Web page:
Saturday, September 14, 2013

Teacher's Children and Balancing Work at School

It has been a busy week this week with homecoming descending on our school district.  While homecoming is a fun event for students of all ages, it is a bit draining for teachers because it is extra difficult to try to keep students on task.  That is why I waited to comment on the recent hubbub in the Sioux Falls district.

It seems that the district is wondering if the children of teachers should be allowed in the classroom.
School district officials are worried about liability, and the school board is considering a policy that would ban teachers from the practice during the hours they're on duty - from 7:30 a.m. to 4 p.m. 
The policy would allow staffers to bring their children with them to school on weekends and at night, and during emergencies.
What surprised me (I don't know why) is the reaction of so many people that don't really understand what teachers do.  Most of the comments surrounding the Sioux Falls issue that were opposed to allowing teachers and their offspring hang out with them while they are on "business hours" is that they can't bring their children to work with them.

My problem with the possible proposal is that many teachers end up working hours very different then the prescribed hours and that the children being in the school are not considered to be any problems.
Teachers who attended the meeting said they’ve had no issues with their children joining them after school is dismissed, and many even help out around the building by sorting papers, adding address labels to mailers or collecting books. That time with their parents also gives kids a quiet time and place to do homework or read, some said.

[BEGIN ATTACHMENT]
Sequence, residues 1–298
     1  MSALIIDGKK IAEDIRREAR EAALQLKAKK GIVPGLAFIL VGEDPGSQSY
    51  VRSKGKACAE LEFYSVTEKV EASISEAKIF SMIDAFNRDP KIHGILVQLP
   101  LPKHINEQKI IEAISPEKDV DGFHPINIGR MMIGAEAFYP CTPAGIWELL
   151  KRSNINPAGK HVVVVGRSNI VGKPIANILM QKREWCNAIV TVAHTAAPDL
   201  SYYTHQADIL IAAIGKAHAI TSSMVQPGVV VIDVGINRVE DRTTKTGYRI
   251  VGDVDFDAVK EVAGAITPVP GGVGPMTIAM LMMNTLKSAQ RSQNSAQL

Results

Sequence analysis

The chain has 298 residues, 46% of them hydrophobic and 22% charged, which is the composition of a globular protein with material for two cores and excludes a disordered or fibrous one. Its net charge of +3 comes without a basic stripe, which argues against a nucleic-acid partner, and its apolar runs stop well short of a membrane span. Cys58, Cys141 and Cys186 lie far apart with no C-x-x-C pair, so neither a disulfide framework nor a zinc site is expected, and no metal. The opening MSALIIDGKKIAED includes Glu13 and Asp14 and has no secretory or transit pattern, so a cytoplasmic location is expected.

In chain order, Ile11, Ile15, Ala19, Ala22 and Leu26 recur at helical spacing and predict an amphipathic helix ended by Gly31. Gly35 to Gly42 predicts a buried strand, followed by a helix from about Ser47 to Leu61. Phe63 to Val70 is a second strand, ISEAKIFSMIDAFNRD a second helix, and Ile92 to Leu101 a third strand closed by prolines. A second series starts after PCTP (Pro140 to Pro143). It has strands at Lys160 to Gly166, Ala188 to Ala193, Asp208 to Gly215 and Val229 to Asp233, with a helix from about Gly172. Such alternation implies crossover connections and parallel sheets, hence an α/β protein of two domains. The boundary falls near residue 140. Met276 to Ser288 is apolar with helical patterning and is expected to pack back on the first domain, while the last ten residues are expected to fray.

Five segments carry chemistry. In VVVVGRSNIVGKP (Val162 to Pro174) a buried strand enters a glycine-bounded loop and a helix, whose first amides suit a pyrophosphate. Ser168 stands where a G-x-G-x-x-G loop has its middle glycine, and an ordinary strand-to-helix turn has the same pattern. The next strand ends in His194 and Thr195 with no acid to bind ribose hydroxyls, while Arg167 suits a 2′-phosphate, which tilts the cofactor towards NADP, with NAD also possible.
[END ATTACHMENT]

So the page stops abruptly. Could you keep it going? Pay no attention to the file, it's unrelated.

“Oftentimes, we do stay later with our children there. ... I will stay much later than if I had her in day care,” said Jessica Mulhair, a special education teacher at Oscar Howe. 
So you have a situation where no one is seems to really be complaining and it allows workers to stay longer.  

I have two boys, very active boys, and they hang out with me when I am at school working from time to time.  Usually they come in the evening when I will have debate practice with students, help with volleyball games, or do some extra work.  The students on my debate team have a blast with the boys around.  Now when they see them at games, the kids love to come up to them and say hi!  Now Sioux Falls claims that the policy does not include time served at the building before 7:30 or after 4:00, but if the issue is liability then wouldn't a student in the building at 4:05 be just as big as a liability issue?  

To me this seems to be another issue of a solution looking for a potential problem.  For those of you that wish you could have your children with you, ask yourself if that is practical for a child to be that environment.  If it is not practical, then stop complaining about it.  You are comparing apples and oranges.  If it could be practical, then maybe you should ask.  As a child my sisters and I would often go down and visit dad at work at the grain elevator he managed.  We even spent much of a day down there if babysitting was not available.  He taught me about actual uses for geometry in his business, about needing to be able to calculate area and convert the information into figuring out how much chemical would be needed to spray a field.  It was dusty, it was dirty, it was nice to have that opportunity.


  1. I commented on this at Madville Times, and I want to reiterate - People! Leave the teachers alone! They are wisely taking advantage of an opportunity of their worksite. It saves them a few bucks, allows them to spend more time at work, increases parent/child interaction opportunities, increases teacher/student interaction opportunities, etc.

    Negatives: Uh, some people are jealous about that benefit, have personal issues about teachers and/or schools, are simply very unpleasant, etc. Therefore, they'll complain about anything.

    Let me repeat, Leave the teacher's alone!
    Find something constructive to do.

  2. Thanks Deb. To often we worry about tearing others down instead of building them up and supporting others.